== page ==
Why we need the Arctic Refuge Protection Act

Wilderness designation is our best tool to protect the coastal plain of the Arctic Refuge.

Sen. Ed Markey of Massachusetts and Reps. Jared Huffman of California, and Brian Fitzpatrick of Pennsylvania introduced bicameral legislation 0n Feb. 2, 2023, to designate the coastal plan of the Arctic National Wildlife Refuge as a wilderness area.

This is such an important move.

In the United States, wilderness designation is the strongest protection federal lands can receive. It is layered over such other designations as ‘“national park” or “national forest.” Roads (permanent or temporary), motor vehicles, mechanical transport and structures are prohibited in areas with wilderness designations. In Alaska, there are exceptions granted for temporary campsites, public shelters and certain motorized vehicles. This is allowed because of both the large acreage of wilderness areas and long-standing hunting and fishing traditions.

The crown jewel of Alaska’s wild frontier is the Arctic National Wildlife Refuge. First established in 1960 and expanded to its current size of 19 million acres in 1980, the Arctic refuge is home to 42 species of fish, 45 mammals (including eight marine mammals), and more than 200 types of birds. There is no cell phone service, no roads and the only trails are the ones created by the wildlife. Not many visitors come to the refuge. Between summer visits and winter polar bear viewing, less than 2,000 people annually brave this wild space. The refuge’s permanent human population, which is composed almost exclusively of the indigenous Gwich’in Athabascan and Inupiat tribes, numbers only in the hundreds.

This untouched land needs permanent protection. Approximately 40 percent of the refuge — 8 million acres — is designated as wilderness but that area does not include the most important area in its jurisdiction. In 1980, when Congress passed the Alaska National Interest Lands Conservation Act (ANILCA), they set aside 1.5 million acres on the coastal plain as a “study area.” This meant the space was treated as wilderness until Congress authorized oil and gas leasing activity. That happened in 2017. While the coastal plain probably does have oil underneath it, this part of the refuge is more importantly the area’s  “biological heart.” It is the calving ground for the caribou and provides the shoreline for the polar bears and migratory birds. Without the coastal plain, the rich biological diversity of the refuge would be significantly diminished.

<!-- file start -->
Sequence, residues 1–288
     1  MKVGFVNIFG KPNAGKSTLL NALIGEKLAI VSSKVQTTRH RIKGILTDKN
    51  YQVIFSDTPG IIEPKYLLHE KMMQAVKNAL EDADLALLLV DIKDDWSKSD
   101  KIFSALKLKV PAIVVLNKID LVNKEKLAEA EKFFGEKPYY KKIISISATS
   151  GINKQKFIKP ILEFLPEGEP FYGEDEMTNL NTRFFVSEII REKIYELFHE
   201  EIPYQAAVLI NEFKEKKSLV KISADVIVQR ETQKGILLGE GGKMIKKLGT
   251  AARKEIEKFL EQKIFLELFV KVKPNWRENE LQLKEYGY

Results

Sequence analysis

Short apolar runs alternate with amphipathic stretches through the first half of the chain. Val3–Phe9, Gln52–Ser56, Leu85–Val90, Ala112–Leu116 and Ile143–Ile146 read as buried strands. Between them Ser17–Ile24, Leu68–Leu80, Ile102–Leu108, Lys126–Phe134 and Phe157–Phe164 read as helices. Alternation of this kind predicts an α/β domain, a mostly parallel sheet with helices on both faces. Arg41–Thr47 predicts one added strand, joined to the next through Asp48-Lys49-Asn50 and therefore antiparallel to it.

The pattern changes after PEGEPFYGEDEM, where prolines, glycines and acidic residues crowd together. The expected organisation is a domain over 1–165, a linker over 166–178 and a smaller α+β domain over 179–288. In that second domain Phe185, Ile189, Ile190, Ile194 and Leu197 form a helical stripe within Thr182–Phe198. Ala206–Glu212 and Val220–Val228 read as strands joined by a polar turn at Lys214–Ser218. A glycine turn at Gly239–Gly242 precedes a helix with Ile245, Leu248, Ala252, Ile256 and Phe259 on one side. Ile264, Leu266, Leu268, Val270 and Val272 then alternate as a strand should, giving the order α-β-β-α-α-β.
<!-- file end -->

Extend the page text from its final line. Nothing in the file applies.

Simply put, whether there is oil there or not, we shouldn’t destroy the landscape to find out. Not only would it do irreversible harm to the land, animals and people in the refuge, but, even if we found fossil fuel, it would also be wrong to burn it. Climate change is threatening the planet and public health, and renewable energy is powering more buildings than ever before.

In fact, President Biden proposed new EPA standards in April to ensure two-thirds of new passenger cars and a quarter of new heavy trucks are all-electric by 2032. Unfortunately, this message was partially overshadowed by the administration’s approval of a scaled-down version of the Willow Project. We must fight for the protection of this vulnerable area and the Willow Project takes us in the wrong direction. This bill would help make up some of that lost ground.  

It’s time to undo the 1980 “study area” designation and include the coastal plain in the wilderness area. The Arctic Refuge Protection Act was introduced earlier this year with 85 co-sponsors. To safeguard the coastal plan, we need more support in Congress. Environment America and our allies will be building public support to encourage more members of Congress from both parties to co-sponsor the bill in the coming weeks and months. We need more nature and we should protect our most wild places. This legislation is right for our country’s present and future.

 

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Ellen Montgomery

Director, Public Lands Campaign, Environment America

Ellen runs campaigns to protect America's beautiful places, from local beachfronts to remote mountain peaks. Prior to her current role, Ellen worked as the organizing director for Environment America’s Climate Defenders campaign. Ellen lives in Denver, where she likes to hike in Colorado's mountains.

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